Be critical of the results – can you question the reliability of some results? Was a question worded in a misleading way? Is a broad cross section of your company represented in your survey data? If not, spread the word about your survey before starting the review process, as your results may be too few.
Where possible, compare your survey results to those of previous years or quarters. Tabulate this year’s data alongside the data from previous years for particular survey responses. This helps you track trends or improvements in your HR initiatives.
Internal benchmarks measure HR strategy’s strengths and weaknesses. For example, you might have run an employee engagement survey in 2018 when employees were 12% more engaged than in 2019.
Cross-comparisons also remind you to contextualize the results. How did the move to remote work in 2020 impact on employee engagement and wellbeing?
Secondly, compare the results of different departments. This can pinpoint areas where managers need coaching.
Finally, observe how the results compare to industry or national norms, if this information is available. By seeing where you ‘rank’ on employee relations, engagement and wellbeing tells you whether your company is a good place to work. This boosts your employee retention efforts.
Be realistic about the changes you can implement. Focus on work environment factors where possible, as these create the most immediate change.
Decide which teams or company levels to prioritize in your strategy. In the video above, Leadership and Talent at the University of Minnesota recommends categorizing employees in engagement surveys as ‘Engaged, Disengaged, Detached or Frustrated’. They suggest you prioritize the ‘Frustrated’ employees - who are highly motivated but who may lack resources or support to perform at their best.
Find the subgroups with lower engagement/wellbeing etc. Note down all their recommendations for improvement
Create an action plan for this subgroup. Can you change environmental factors, such as offering greater flexibility in working hours?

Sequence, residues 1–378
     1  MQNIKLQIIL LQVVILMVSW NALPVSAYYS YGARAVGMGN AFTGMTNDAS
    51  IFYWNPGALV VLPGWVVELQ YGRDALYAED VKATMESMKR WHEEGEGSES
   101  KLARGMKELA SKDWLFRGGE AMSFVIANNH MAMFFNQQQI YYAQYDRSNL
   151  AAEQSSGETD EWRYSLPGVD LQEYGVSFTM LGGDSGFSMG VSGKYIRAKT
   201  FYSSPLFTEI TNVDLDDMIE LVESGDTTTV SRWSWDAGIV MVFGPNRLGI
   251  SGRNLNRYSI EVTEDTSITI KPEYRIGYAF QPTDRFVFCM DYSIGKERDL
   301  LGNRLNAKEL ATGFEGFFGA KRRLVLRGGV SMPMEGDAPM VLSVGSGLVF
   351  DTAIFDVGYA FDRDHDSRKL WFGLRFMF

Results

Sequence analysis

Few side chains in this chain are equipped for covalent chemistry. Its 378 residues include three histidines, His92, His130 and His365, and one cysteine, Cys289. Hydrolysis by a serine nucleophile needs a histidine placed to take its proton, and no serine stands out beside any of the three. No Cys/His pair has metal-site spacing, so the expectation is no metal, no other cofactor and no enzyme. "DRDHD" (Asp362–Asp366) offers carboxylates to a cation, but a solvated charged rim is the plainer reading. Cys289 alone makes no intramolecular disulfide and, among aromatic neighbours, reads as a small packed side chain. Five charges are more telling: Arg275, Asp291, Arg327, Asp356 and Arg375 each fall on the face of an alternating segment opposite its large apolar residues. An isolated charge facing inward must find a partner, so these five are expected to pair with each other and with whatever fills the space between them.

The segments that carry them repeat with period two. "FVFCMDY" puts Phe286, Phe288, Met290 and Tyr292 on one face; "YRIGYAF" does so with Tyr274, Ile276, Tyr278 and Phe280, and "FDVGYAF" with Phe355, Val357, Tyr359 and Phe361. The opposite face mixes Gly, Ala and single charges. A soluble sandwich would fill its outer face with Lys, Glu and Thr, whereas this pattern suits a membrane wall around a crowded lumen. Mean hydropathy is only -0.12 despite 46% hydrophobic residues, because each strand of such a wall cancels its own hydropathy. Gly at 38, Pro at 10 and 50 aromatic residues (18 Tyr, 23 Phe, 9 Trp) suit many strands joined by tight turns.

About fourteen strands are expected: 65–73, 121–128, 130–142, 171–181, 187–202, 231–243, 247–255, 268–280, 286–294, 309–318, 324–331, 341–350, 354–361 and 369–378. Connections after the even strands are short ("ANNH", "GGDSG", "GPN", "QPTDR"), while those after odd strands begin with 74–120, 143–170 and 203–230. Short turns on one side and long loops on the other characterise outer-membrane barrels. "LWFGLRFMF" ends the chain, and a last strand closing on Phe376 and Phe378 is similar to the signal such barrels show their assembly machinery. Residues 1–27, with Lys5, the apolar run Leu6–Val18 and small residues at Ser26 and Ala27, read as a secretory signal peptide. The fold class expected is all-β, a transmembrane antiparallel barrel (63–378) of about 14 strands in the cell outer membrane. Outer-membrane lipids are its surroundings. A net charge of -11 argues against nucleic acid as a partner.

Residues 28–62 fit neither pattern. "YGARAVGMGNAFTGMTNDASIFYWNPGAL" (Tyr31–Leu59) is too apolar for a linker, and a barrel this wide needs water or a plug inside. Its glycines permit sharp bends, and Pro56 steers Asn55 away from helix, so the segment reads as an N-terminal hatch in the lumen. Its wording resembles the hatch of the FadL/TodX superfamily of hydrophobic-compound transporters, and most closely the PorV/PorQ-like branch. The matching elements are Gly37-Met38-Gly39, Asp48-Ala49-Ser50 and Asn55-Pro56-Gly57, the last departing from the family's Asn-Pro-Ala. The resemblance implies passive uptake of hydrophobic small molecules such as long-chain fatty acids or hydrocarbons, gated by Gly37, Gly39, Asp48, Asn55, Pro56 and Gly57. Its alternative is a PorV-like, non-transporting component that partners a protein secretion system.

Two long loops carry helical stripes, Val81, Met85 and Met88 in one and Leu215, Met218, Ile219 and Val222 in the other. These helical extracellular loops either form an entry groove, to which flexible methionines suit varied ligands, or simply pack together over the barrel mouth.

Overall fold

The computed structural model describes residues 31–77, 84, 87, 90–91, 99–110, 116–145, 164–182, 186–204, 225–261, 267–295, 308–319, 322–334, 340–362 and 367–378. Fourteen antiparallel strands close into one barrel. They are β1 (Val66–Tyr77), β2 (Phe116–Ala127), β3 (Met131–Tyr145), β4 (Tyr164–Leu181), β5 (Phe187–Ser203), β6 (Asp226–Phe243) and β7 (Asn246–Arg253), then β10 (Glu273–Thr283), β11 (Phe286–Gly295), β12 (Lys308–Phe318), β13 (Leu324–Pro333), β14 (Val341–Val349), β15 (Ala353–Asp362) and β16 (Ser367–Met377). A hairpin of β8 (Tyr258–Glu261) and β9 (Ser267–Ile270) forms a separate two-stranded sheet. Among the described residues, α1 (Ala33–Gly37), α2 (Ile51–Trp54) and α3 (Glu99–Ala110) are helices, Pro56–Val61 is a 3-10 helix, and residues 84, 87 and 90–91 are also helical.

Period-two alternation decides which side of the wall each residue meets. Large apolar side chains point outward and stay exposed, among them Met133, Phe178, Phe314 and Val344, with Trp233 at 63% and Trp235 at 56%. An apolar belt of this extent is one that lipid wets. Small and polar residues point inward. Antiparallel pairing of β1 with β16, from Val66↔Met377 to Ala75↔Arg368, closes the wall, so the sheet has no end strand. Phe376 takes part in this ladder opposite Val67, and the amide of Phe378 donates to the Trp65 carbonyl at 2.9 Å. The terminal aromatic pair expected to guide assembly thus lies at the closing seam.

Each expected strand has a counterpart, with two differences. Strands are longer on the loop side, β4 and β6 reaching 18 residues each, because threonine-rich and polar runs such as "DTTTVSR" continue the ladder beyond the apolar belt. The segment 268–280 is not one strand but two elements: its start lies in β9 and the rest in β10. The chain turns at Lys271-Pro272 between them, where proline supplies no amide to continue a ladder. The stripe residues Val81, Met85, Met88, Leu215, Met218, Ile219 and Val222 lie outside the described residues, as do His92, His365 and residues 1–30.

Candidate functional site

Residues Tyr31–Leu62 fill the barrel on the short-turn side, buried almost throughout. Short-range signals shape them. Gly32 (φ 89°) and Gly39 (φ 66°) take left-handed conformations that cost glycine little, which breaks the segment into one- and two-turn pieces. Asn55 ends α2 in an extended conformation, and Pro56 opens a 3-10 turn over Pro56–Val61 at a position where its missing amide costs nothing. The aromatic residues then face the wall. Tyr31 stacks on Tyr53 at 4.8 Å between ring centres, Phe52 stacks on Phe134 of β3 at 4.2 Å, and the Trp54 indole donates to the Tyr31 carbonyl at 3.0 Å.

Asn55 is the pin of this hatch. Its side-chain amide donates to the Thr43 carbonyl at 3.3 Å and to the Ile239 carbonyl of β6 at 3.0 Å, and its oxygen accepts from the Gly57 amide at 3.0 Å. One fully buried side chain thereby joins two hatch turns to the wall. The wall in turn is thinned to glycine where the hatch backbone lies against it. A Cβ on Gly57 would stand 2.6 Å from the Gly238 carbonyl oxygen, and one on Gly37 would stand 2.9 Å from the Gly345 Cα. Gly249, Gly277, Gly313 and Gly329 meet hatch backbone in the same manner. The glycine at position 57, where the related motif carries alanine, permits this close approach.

Check your data on employee relations. How can managers be coached to improve motivation, engagement and drive better results?
Are there development opportunities that would address evident problem areas?
You have taken the time to collate information and analyse it to improve business outcomes. The last thing you want is for your efforts to be ignored!
First, create a presentation that clearly outlines your evaluation of the results. Link these results to a new strategy that will improve your people processes based on the evidence.
Provide managers and your C-Suite with an opportunity to ask questions about your conclusions. Sometimes, your executive board do not fully consider the outcome of surveys. It’s essential to ensure their buy-in. Make sure you highlight the strategic benefits of your new strategy.
Create a team to oversee the implementation of changes in light of survey results. SHRM recommends that this team should be comprised of non-senior HR employees headed by a senior figure. Not only does this ensure that changes in light of survey results are implemented, employees feel HR takes their perspective seriously.
Your people deserve to have their voices heard. Employee surveys are transformative if results translate into an effective HR strategy. Put your analytical skills to work so that you can create real organizational change.